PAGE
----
With a list of filing demands being placed upon regulators and insurance companies, the BMA is pushing the boundaries of what technology can do to assist international supervisors with their reporting requirements.
BMA leads global adoption of new information reporting system
The Bermuda Monetary Authority (BMA) is leading the global adoption of a new insurance information reporting system for regulators and has been recognised internationally in helping to develop a new computer-based insurance reporting system.
The new reporting system uses a computer language known as XBRL (eXtensible Business Reporting Language), and it is anticipated that it will be adopted by financial regulators around the world.
John Dill, director of management services—who is leading the work of the Authority—said that the BMA had recently begun working with an organisation called ‘The Open Compliance and Ethics Group’ (OCEG), whose purpose is to help organisations align their governance, compliance and risk management activities.
“OCEG has done taxonomy work that brings in various risk frameworks, which they map to Solvency II guidelines,” Dill said. “Such taxonomy work creates a framework for categorising and standardising data or information. Therefore, this work essentially creates a Solvency II governance, risk and compliance (GRC) extension taxonomy.”
Dill, who is responsible for IT strategy and development at the BMA, said the Authority was one the first regulators in the world to adopt XBRL for insurance regulatory reporting and the standardised exchange of financial information between the BMA and Bermuda’s re/insurance industry.
Jeremy Cox, chief executive officer of the BMA, added: “The Authority’s XBRL work was acknowledged in a report released in June by the International Financial Reporting Standards (IFRS) Foundation. In the IFRS report, the BMA was placed in the same category as the European Banking Authority in terms of helping to develop this cutting-edge financial reporting system. The Authority is very pleased to have received this level of recognition for our work in this area.”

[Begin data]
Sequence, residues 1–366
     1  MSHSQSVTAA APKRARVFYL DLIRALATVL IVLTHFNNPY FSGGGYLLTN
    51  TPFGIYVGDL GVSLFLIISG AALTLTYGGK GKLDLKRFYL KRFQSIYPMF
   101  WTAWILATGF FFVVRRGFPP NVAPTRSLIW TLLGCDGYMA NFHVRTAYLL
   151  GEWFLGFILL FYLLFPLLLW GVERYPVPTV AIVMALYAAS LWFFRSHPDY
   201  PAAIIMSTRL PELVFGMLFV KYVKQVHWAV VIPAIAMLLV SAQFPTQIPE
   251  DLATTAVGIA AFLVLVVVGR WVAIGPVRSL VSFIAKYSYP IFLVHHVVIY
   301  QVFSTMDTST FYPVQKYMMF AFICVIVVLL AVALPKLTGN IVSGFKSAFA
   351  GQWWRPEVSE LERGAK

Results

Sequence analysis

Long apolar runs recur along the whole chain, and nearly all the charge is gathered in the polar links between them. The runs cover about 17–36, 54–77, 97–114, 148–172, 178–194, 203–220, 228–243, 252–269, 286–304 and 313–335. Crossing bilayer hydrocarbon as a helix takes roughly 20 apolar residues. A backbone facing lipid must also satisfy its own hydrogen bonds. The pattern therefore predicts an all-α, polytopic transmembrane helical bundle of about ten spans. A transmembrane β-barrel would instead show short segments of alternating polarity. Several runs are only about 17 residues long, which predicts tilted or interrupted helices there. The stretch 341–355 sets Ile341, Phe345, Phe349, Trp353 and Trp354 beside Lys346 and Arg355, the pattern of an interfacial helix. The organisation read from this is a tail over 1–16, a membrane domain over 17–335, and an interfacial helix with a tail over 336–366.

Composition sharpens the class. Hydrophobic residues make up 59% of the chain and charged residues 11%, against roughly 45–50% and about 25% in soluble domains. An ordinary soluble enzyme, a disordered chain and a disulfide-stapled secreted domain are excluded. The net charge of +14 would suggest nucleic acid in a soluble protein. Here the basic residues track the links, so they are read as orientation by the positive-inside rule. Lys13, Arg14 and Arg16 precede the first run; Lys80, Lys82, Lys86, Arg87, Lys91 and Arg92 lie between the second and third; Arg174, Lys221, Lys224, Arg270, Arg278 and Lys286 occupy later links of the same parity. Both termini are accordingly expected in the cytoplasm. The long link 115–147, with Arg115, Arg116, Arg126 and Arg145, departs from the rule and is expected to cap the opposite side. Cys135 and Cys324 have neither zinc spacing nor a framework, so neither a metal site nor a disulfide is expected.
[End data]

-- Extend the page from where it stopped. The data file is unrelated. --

Dill explained that the international desire to create a computerbased insurance reporting system grew out of the post-financial crisis environment, when regulators began to see a shift from information being exchanged at the document level to the data level.
"This tool will assist in initiatives such as group supervision, where the timely and accurate sharing of information could lead to more effective supervisory relationships with greater co-operation and trust amongst supervisors as a key by-product."
“XBRL assists with this improved information exchange by standardising data, which means the data can be extracted and analysed in a common format,” Dill said. “Since businesses in Bermuda and elsewhere—as well as regulators—are adopting this format, the Authority’s vision is that our XBRL system will enhance efficiencies in our processing of the financial information insurers submit to the Authority. This, in turn, will help to produce richer reports on market trends and internal efficiencies.”
The XBRL technology was selected for Solvency II because of its ability to represent multi-dimensional business information— and financial information in particular—in a standardised manner. But it was also selected due to its increasing levels of adoption by European supervisors.
Additionally, the European Insurance and Occupational Pensions Authority (EIOPA) announced that XBRL has been chosen to be the uniform format for Solvency II reporting across Europe. The Solvency II directive will set out new capital adequacy and risk management standards for European insurers. Bermuda’s XBRL system has been designed to support reporting requirements for Bermuda insurers that are aligned with Solvency II.The components within Bermuda’s system contributed to the decision to use the XBRL format in Europe for Solvency II reporting.